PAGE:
January is “Spiritual Abuse Awareness Month”
An edited version of the following excerpt will appear in the introduction to the book, Safe Houses for God’s People.
At long last, it looks like the first book in my Opal Design Systems series will be published within the next month or so. This curriculum is meant to equip participants in churches, agencies, and Kingdom enterprises with the frameworks and tools they need to create holistic, sustainable, transformational ministry. I’ve title this inaugural volume, Safe Houses for God’s People. It focuses on discerning malignant ministry, dismantling systems of spiritual abuse, and (re)building safe and sustainable places of discipleship. Many topics wrapped up in spiritual abuse and toxic organizations are uncomfortable, but I’m approaching them with a redemptive edge for those in need instead of an inflammatory exposé of the experiences I’ve survived.
I crafted this title and focus because I believe all followers of Christ need to become safe people to serve those who have endured the grievous wounds of spiritual abuse (and other kinds of human frailty). Also, as teams and congregations of His disciples, we need to ensure that our churches, ministries, and activities are safe places where bullying is never tolerated. The house of God should be a safe house for discipling all people … even for repentant abusers … and we should consistently deal with any attempts at manipulation or control in the name of Christ there and, in fact, vigilantly prevent them.
The safe house image provides a powerful illustration for these every-disciple responsibilities to protect and nurture. I learned about safe houses many decades ago from my sister, and the grit and grace required in her advocacy work has stuck with me. In the mid-1970s, she served as a pioneer in helping women who were survivors of domestic violence. It all started when a friend showed up at my sister’s place with a camera. She asked my sister to take photos to document the huge bruises she had from her husband beating her. Her friend knew if she didn’t leave him now, there just might not be another opportunity.
Her friend’s serious situation jolted my sister into further action – just documenting the damage didn’t seem like enough of a response. So, she became an activist and advocate for survivors on this and other forms of abuse. That was an era when bullying was not on the “social radar” yet, and there was a very uneven response to this particular form of violence. Still, there were women who’d survived physical, emotional, and verbal abuse and had the courage to leave their toxic situations. They needed somewhere to shelter them while they reconstructed their lives. Where could they go?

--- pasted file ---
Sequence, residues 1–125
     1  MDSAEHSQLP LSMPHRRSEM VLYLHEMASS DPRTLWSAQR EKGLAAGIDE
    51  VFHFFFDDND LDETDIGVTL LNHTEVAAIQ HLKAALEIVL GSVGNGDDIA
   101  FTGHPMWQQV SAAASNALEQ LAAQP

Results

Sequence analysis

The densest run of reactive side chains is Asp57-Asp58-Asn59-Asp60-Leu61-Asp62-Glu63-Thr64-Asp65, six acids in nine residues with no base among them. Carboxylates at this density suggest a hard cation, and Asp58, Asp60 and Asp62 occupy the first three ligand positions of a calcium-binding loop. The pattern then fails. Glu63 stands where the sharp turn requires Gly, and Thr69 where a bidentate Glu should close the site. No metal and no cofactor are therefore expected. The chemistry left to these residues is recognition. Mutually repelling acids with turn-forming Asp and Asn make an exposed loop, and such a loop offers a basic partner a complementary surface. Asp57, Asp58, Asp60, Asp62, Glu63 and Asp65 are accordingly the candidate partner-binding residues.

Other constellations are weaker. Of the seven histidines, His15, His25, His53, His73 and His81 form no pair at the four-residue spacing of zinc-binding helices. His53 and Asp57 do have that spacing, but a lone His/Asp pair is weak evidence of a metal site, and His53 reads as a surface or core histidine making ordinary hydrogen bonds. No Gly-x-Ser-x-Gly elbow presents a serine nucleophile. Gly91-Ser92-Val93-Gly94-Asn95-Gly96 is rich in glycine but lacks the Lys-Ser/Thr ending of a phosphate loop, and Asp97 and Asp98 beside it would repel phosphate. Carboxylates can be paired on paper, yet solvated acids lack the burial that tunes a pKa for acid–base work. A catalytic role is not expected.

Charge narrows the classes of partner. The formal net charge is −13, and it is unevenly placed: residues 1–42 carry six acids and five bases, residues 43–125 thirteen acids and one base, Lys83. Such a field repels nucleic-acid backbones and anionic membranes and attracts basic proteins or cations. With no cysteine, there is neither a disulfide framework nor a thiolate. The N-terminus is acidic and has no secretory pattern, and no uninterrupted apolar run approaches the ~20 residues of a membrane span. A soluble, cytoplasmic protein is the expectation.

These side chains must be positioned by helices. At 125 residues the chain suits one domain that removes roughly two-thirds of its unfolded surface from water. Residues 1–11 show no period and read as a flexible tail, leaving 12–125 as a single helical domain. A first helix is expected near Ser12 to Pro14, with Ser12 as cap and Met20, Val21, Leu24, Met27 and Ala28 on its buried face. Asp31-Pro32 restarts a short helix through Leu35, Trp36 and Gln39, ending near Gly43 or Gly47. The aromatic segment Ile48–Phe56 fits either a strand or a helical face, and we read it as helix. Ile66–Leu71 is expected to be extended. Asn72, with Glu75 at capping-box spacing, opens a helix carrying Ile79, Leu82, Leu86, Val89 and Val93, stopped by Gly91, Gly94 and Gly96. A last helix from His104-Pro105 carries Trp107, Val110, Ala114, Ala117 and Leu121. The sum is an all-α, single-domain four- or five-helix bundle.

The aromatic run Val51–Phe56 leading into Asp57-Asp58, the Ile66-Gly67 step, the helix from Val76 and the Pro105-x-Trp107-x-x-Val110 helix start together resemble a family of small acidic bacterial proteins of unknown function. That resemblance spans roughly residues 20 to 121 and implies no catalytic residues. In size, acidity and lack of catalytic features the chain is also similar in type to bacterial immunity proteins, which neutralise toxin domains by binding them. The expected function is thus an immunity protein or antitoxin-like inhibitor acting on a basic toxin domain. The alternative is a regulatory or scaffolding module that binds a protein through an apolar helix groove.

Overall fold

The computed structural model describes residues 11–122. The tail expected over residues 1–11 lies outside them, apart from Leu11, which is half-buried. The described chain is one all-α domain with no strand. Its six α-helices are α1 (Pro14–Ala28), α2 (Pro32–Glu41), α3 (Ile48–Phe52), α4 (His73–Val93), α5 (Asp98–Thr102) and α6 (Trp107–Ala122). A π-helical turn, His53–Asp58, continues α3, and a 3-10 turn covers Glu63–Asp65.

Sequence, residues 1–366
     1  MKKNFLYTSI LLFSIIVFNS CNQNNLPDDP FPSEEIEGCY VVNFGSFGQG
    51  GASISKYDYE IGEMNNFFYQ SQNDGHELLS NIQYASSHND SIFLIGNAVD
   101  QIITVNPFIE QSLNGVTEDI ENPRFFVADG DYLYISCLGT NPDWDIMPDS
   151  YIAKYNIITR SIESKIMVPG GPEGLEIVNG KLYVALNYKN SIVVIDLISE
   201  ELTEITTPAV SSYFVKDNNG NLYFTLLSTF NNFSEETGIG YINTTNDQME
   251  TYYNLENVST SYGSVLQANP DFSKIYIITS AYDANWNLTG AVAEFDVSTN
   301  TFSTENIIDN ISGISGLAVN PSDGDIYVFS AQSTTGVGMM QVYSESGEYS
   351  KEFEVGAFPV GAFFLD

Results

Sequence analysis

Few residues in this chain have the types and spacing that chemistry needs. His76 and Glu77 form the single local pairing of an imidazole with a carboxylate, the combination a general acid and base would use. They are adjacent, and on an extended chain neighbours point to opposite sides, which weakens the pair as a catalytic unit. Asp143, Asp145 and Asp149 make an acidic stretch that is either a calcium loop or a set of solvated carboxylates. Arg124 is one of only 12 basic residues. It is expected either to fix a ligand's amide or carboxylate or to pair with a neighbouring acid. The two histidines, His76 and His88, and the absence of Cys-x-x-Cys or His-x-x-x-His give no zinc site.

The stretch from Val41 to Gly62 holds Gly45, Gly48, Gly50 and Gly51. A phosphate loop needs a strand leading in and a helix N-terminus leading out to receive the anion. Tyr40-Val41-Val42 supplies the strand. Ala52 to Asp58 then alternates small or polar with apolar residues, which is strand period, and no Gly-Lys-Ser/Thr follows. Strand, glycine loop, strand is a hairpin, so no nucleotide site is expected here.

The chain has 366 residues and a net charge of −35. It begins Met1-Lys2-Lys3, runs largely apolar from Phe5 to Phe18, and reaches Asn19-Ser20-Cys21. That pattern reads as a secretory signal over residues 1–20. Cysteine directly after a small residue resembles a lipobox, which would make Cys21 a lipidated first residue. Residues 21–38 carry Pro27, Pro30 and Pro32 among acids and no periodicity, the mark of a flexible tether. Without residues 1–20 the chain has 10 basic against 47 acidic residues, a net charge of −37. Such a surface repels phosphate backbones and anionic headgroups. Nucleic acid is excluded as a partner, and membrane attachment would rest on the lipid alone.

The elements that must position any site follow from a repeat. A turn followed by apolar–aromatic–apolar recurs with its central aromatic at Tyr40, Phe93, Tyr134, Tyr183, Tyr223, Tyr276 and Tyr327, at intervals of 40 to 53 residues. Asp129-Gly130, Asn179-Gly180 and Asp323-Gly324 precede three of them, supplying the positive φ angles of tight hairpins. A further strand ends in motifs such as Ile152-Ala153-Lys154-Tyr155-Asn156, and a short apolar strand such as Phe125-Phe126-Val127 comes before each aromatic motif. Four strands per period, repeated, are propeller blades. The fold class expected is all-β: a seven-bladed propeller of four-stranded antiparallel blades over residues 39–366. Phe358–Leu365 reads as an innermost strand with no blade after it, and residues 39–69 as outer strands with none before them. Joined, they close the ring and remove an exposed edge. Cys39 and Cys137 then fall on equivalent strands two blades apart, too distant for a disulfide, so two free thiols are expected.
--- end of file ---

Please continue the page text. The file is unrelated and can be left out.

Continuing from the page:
Safe houses provided a kind of “underground railroad” station for women to escape their oppressors, recuperate in hiding, and relaunch life with a more healed identity. Typically, there they would find a combination of friendship, advocacy, counseling, and training – all in a safe environment designed to protect and nurture them.
My sister steadfastly kept the confidentiality of her clients. She did not tell me specific details about individuals, but did educate me about the relevant concepts and practical needs. (I’ve ended up applying those in my work with other kinds of marginalized individuals and groups through the years.) She also attempted to educate church leaders and members, but to little avail. The unfortunate truth was that many theologically conservative and evangelical churches back then generally didn’t offer safety or solace to survivors of abuse. “Pastoral care” often just consisted of telling a battered wife to return to her husband and submit to him – frequently with the implication of, By the way, whatever did you do to make him so angry that he hit you?
Is it shocking that Christian “leaders” would justify what is absolutely unjustifiable, and leave victims without help or hope? That unyielding ignorance was a heartbreaking tragedy back then. Yet, a similar tragedy continues to occur these days because too many of our churches, ministries, and Christian agencies protect the perpetrators of spiritual abuse. They fail to confront the infliction of vile attacks on God’s people through legalistic rules, relational control, and emotional manipulation. They refuse to acknowledge the presence of spiritual bruises, and may even blame the victim as if they brought such “discipline” upon themselves and deserve what they got. In extreme cases, they invoke the name of Jesus Christ while actually promoting a system that perpetuates damage on all whom they claim to disciple. Such abusive individuals and organizations in particular are flirting with the thin border between “toxic” and “cultic.”
And how should we respond? Or, better questions are based on this: How will we respond? Curtailing malignancy is more than just a matter of theology; it requires us to choose a basic course of action that may affect every facet of our ministry, and follow it through.
- What should every disciple know and do to support survivors sensitively and block bullying relentlessly?
- What responsibilities fall to the congregation together as a community of those who follow Jesus?
- What are the roles and responsibilities of leaders to ensure a constructive environment for everyone’s spiritual transformation?
- What do we do when Christian celebrities in the larger society or online world demonstrate themselves to be spiritual bullies – even if they are not doctrinal heretics – and they spread their poisonous paradigm via downloads, blogs, books, conferences, and ministry associations?
Yes … What will we do to become safe houses that protect and nurture God’s people?